A framework of co-operative practice between radiation oncologists and traditional health practitioners in the management of patients with cancer in KwaZulu-Natal province
Nkosi, Pauline Busisiwe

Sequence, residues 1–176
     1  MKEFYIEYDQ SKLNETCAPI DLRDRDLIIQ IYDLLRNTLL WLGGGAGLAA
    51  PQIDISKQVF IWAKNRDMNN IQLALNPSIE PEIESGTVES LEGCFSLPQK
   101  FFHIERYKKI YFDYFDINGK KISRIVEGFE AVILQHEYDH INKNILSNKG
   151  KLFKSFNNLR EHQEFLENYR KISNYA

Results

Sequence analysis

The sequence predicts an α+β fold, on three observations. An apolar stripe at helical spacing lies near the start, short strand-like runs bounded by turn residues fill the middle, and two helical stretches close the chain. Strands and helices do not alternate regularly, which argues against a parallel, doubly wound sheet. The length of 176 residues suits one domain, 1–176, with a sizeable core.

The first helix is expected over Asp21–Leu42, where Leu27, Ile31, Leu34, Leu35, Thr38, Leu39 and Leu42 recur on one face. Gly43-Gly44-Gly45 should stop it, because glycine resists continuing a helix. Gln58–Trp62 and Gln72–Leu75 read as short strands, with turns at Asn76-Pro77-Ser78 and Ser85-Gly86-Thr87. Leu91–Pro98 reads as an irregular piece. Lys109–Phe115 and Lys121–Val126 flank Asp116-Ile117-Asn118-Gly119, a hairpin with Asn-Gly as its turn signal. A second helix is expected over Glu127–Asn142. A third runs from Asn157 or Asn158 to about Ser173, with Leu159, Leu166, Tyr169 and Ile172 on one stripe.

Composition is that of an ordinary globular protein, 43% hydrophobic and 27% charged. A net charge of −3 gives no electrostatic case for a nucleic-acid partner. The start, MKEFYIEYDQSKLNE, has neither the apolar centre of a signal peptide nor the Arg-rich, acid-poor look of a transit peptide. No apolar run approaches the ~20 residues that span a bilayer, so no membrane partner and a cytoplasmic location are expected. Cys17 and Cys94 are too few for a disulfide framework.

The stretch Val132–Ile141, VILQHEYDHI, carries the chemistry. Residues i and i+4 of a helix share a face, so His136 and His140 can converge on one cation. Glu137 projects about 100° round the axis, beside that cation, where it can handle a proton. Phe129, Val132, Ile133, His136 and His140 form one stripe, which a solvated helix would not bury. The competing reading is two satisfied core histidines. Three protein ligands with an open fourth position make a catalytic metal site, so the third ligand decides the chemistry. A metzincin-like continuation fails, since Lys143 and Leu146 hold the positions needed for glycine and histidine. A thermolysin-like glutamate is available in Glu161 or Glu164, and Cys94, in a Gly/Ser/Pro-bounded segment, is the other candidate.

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Background Cancer is a global concern because it affects and kills millions of people worldwide. In South Africa, patients frequently move between traditional health practitioners and radiation oncologists to seek cure of cancer, yet these health practitioners do not communicate with each other. Consequently, the treatment is often disrupted and imcomplete therefore compromising the survival of patients. The future of the health system in effective treatment of patients with cancer is dependent on health practitioners’ changing fundamentally in their co-operative practice. The aim of this study was to explore the practice of traditional health practitioners in the treatment of patients with cancer in order to describe a viable co-operative practice between them and radiation oncologists and ultimately develop traditional health practitioners as a component in the health system in the treatment of patients with cancer. Methods An exploratory descriptive qualitative study using an interpretive phenomenological approach was employed to collect data from 28 traditional health practitioners and four radiation oncologists in KwaZulu-Natal utilising snowball and stratified purposive samplings for the former and latter, respectively. Semi-structured face-to-face and group interviews were employed to collect primary data from traditional health practitioners and data from the radiation oncologists were collected through face-to-face and email interviews. Data were transcribed verbatim and analysed using framework analysis. Results It emerged that the referral of patients, in addition to external conditions, individual attributes, trusting attitudes of participants as well as organisational dynamics and philosophy of practice, were the main categories used by participants in their understanding of co-operative practice in KwaZulu-Natal. The patient is the main player in the co-operation between parties, and coordinates the health practitioners’ activities during treatment. Effective co-operative practice is time consuming and requires commitment, co-operation and training of the participants. Conclusion Considering the problems associated with treatment of cancer when patients move freely between the traditional health practitioners and radiation oncologists, resulting in interruptions in treatment, co-operative practice between the two health practitioners is paramount. The development of traditional health practitioners could result in extending their role in the management of cancer and therefore increasing the accessibility of cancer services. It follows that a workable practice between traditional health practitioners and radiation oncologists in the treatment of patients with cancer could be an inclusive health system where the parties work in parallel with the patient being the main actor in the collaboration. There should be a healthy relationship between all those involved in the collaboration in order to facilitate referral of patients between the health practitioners.